Two more reactors at the Fukushima Dai-ichi nuclear power plant in Japan are reported to have lost cooling functions March 15, as technicians continue their struggle to contain what threatens to become a meltdown. Reactors Number 5 and Number 6 now appear to going out of control, with rises in temperature recorded. This follows explosions at reactors 1, 3, and 2 since March 12, as well as a fire now reported at reactor Number 4. Technicians have now lost control of all six reactors at the plant. Additionally, the water in the plant’s waste fuel storage pool may be boiling due to loss of coolant, officials said.
Radiation rose to harmful levels at the facility following the last blast at reactor Number 2 earlier March 15, prompting cabinet minister Yukio Edano to issue warnings. The levels have apparently dropped again as radiation released by the blast was dissipated, allowing Edano to say: “This high level of radiation is just temporarily reading so in the long run it is not particularly dangerous and the reading is now getting lower.”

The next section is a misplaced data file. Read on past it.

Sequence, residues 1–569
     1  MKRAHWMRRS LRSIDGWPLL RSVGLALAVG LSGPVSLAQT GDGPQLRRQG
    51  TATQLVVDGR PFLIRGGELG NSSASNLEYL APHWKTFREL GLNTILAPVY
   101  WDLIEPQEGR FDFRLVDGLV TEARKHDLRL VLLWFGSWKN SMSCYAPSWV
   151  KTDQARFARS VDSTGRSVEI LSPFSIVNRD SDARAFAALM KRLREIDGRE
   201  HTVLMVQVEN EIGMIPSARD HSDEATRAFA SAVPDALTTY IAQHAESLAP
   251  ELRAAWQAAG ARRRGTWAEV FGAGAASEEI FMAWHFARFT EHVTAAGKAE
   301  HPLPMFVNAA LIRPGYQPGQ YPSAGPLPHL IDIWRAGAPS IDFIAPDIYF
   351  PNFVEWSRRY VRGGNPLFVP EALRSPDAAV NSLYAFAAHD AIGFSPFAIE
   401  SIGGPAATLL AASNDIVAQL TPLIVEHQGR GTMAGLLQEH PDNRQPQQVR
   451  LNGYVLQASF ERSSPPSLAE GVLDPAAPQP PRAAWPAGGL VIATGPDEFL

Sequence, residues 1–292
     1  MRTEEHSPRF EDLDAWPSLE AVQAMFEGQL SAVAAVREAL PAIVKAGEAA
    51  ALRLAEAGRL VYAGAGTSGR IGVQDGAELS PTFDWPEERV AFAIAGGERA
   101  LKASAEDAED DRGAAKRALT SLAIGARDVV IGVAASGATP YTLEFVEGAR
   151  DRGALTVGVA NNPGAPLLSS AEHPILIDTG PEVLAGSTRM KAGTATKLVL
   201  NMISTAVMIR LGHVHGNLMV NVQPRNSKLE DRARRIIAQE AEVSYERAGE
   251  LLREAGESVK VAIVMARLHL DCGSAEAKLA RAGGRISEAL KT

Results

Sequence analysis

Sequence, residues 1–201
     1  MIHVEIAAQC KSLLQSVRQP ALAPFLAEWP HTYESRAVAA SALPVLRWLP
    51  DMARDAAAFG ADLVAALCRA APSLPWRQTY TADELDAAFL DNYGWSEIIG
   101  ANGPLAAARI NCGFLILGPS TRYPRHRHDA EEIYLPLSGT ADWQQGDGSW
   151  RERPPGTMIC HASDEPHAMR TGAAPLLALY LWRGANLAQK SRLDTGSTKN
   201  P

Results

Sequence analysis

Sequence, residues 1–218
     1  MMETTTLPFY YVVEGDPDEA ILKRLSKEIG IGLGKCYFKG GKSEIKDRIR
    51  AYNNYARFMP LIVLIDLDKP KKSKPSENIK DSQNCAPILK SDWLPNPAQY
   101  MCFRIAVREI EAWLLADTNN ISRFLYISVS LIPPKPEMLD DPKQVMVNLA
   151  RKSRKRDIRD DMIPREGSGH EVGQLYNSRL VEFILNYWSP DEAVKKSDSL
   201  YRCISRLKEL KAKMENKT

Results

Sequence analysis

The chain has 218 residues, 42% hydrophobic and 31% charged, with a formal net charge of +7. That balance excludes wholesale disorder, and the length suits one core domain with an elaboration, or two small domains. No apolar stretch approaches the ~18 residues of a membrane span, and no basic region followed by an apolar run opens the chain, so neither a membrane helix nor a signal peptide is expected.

However, the wind, formerly blowing out to the Pacific, has shifted south towards Tokyo, bringing snow which could carry at least low-level radioactivity to Japan’s capital megalopolis. (Radio Australia, AP, Reuters, Bloomberg, March 15)
World Nuclear News reports that “cold shut-down” has been achieved at two reactors at the nearby Fukushima Dai-ni plant, meaning risk of meltdown at that plant has been avoided. Despite some confusion in Western media accounts due to the similarity in the plants’ names, none of the reactors at Fukushima Dai-ichi have been brought under control.
Dai-ishi reactors 5 and 6 are apparently losing coolant now because the emergency diesel generators for these units, which had continued to function, are failing. States Michael Mariotte of the Nuclear Information and Resource Service (NIRS): “Such generators aren’t designed to last indefinitely so unless grid power is restored those reactors will have problems too as the generators conk out.”
See our last post on the nuclear crisis.